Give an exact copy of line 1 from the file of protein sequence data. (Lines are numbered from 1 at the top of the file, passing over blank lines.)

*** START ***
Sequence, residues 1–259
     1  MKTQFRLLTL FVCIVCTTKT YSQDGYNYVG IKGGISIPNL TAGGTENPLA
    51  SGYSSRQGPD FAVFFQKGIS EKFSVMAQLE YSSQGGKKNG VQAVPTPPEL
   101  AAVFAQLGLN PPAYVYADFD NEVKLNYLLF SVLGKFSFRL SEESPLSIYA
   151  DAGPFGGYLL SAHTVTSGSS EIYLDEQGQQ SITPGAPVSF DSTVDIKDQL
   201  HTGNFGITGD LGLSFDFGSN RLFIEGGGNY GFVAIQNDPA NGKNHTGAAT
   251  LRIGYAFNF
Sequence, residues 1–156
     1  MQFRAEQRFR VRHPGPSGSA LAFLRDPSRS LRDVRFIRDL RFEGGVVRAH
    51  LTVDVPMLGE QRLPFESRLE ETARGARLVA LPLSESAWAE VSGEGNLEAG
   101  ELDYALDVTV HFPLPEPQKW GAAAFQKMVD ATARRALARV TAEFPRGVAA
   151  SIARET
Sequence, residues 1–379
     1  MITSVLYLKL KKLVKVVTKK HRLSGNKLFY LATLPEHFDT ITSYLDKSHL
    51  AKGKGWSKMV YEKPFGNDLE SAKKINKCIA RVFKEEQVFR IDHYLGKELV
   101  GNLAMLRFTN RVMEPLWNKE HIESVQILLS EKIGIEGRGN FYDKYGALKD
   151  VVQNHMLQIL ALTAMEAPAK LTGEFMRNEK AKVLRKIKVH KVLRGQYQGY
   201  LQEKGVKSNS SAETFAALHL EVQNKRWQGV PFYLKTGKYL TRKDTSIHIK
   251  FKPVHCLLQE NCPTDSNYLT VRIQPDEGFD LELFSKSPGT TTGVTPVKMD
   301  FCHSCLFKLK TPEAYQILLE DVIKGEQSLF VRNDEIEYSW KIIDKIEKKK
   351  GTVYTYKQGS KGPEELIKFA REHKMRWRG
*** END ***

Sequence, residues 1–259